Have you ever been shopping online where you had the option of virtually trying the products? Whether it be clothing or household items, many ecommerce stores are offering this new technology for their potential customers.
But this often comes with a series of security issues and concerns, as the biometric data in these features can have far-reaching consequences. Companies might be collecting your biometric data without consent or notification, thus opening them up to be liable in terms of the Biometric Information Privacy Act (BIPA).
In this blog post we will explore the issue of BIPA virtual try-on class action lawsuits, as well as discuss how it is possible for consumers to hold companies accountable for biometric data misuse.
About BIPA and virtual try on
Before going any further, it is important to understand a few things about the BIPA. To start with, this is an Illinois state law that regulates the collection, use, storage, and disposal of biometric data, and which was put into practice in order to protect individuals in the state and beyond.
The BIPA was introduced due to the rapidly growing use of biometric technology in businesses and institutions. This has raised concerns about the potential misuse and abuse of this sensitive information.
As defined in the BIPA, biometric data includes any information that is based on an individual’s unique physical characteristics, such as fingerprints, facial recognition, and voiceprints. Thus for companies offering consumers a virtual try on feature, this could very well fall into the territory of BIPA.
BIPA thus requires companies and organizations to obtain informed consent from individuals before collecting or using their data, as well as require them to take appropriate measures to protect the sensitive information from unauthorized access or disclosure.
A recent example
The Estée Lauder Companies have come under scrutiny as recently as 2022, due to their virtual try on features on their website. Here they made it possible for customers to upload a photo of their face, or turn on their webcam to capture an image to be used for the virtual try on feature.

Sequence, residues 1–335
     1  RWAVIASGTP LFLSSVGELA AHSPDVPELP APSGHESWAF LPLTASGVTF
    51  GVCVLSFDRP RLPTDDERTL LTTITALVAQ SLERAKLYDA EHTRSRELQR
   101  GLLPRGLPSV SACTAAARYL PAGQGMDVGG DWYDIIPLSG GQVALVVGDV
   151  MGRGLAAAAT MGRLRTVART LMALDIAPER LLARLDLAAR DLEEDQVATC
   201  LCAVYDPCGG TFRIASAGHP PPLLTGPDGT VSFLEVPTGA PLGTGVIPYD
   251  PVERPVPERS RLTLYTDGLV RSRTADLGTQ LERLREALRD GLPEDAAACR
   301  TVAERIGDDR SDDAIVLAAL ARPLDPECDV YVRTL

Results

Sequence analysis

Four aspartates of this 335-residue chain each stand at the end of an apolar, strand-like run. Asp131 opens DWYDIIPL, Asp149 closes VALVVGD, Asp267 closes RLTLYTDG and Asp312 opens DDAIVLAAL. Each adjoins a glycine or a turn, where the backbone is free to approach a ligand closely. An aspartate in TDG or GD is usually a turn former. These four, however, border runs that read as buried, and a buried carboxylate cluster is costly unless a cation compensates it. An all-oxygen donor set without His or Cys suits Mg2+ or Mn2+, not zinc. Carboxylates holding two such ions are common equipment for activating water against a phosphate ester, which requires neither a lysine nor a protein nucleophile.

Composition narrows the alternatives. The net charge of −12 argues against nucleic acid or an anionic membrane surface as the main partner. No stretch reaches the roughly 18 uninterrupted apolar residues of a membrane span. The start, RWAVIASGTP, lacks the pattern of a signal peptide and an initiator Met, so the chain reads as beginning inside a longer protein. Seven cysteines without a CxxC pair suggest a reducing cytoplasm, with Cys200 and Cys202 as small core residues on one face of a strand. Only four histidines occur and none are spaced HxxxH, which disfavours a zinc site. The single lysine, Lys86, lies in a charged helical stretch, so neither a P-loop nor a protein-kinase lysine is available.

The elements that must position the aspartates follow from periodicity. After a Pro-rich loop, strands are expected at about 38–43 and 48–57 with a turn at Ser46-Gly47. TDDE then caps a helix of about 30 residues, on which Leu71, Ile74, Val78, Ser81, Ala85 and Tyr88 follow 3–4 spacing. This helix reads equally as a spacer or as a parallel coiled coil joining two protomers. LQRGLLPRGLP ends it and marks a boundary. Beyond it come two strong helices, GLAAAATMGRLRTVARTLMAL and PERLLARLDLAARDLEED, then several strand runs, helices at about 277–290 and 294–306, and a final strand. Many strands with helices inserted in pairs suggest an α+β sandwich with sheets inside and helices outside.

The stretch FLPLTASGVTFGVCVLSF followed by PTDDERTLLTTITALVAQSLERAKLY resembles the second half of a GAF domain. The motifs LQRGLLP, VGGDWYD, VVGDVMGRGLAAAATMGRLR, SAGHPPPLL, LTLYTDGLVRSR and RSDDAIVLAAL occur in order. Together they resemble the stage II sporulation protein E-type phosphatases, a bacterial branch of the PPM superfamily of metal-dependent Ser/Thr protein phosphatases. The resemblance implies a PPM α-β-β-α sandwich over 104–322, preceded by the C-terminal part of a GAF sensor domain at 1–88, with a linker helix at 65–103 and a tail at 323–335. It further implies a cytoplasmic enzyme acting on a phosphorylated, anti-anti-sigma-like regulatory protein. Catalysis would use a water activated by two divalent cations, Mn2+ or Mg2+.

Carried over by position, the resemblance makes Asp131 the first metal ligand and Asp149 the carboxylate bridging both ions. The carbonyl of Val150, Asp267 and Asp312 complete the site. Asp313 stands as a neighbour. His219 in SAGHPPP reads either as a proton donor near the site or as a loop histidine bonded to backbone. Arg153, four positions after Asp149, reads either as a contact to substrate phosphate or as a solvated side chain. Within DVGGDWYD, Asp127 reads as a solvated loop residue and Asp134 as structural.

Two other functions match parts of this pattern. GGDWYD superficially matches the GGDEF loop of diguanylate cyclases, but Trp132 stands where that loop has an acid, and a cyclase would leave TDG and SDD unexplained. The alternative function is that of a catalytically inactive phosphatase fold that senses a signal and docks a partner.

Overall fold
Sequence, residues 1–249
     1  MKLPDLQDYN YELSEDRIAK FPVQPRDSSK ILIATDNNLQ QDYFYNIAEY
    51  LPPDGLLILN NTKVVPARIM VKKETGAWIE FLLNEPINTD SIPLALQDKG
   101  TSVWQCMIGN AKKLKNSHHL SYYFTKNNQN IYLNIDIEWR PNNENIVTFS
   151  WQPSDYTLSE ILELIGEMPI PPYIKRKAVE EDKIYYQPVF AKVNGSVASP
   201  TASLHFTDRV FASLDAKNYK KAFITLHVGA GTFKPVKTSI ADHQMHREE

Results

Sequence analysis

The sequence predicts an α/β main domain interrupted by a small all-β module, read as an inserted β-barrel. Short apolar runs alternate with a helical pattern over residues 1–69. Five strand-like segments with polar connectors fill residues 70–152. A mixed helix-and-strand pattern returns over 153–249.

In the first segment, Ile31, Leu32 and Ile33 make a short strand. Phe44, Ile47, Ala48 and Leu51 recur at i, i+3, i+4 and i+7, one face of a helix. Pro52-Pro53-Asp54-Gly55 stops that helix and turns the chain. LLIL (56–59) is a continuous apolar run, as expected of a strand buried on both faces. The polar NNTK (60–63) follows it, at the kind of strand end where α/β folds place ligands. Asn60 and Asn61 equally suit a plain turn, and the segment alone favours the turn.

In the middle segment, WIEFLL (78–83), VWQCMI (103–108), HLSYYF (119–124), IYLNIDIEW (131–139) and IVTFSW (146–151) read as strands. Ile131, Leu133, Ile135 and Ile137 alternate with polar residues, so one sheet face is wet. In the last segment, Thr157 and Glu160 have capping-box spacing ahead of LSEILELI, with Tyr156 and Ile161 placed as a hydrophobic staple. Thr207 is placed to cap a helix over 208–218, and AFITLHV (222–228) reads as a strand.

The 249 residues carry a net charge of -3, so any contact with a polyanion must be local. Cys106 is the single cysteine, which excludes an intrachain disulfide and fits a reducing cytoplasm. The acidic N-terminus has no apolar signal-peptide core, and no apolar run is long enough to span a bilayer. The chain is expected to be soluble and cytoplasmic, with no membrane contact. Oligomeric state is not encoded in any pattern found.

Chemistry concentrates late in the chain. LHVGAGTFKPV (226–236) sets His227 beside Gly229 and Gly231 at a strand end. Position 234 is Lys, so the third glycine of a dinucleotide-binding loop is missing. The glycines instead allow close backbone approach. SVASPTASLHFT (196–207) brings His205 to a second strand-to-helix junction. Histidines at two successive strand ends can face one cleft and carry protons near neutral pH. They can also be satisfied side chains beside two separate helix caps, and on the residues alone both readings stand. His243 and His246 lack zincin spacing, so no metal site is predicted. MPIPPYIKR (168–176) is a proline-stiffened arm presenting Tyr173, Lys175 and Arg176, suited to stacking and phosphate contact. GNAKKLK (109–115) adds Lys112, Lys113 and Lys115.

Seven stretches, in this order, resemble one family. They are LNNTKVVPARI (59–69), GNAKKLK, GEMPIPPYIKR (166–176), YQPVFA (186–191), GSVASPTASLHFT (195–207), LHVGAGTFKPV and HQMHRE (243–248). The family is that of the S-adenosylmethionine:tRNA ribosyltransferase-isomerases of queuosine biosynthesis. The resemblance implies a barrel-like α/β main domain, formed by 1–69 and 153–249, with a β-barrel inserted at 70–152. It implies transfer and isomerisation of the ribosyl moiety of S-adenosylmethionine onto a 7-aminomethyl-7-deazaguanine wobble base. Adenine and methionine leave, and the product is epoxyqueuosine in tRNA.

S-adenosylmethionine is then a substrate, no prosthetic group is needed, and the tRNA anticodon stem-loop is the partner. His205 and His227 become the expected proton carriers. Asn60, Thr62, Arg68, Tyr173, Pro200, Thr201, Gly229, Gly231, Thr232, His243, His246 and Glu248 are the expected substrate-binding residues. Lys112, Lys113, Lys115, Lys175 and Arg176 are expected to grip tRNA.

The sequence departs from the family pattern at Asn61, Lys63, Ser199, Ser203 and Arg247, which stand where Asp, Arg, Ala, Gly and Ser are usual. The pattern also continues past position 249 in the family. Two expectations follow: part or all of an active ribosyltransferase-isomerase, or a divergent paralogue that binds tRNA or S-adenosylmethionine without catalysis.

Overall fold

The lawsuit specifically stated that the company had failed to inform the plaintiff that the information would be collected and stored, and also failed obtaining written consent. Upon inspecting the website in question, the court found notices on the website, but judged them to be too inconspicuous, and thus the court upheld most of these claims, permitting the plaintiff to proceed.
The challenges of enforcing BIPA
While the BIPA law provides strong protections for individuals’ biometric data, enforcing the law can be challenging. Some companies may be unaware of the law, or may not take it seriously to begin with.
But furthermore, the law only applies to companies that collect biometric data in Illinois, which can make it difficult for individuals outside of the state to seek legal recourse. And while we saw a non-Illinois resident having success with her claim in the above example, that is not always the case.
Thus in order to protect the rights of the individual going forward, further legislation on a national level might be required in order to fully encompass all the potential issues with biometric data ending up in the wrong hands.
If you suspect you might have disclosed certain biometric data without being properly notified, you might be able to get compensation. Contact our professional legal team today and learn more about your options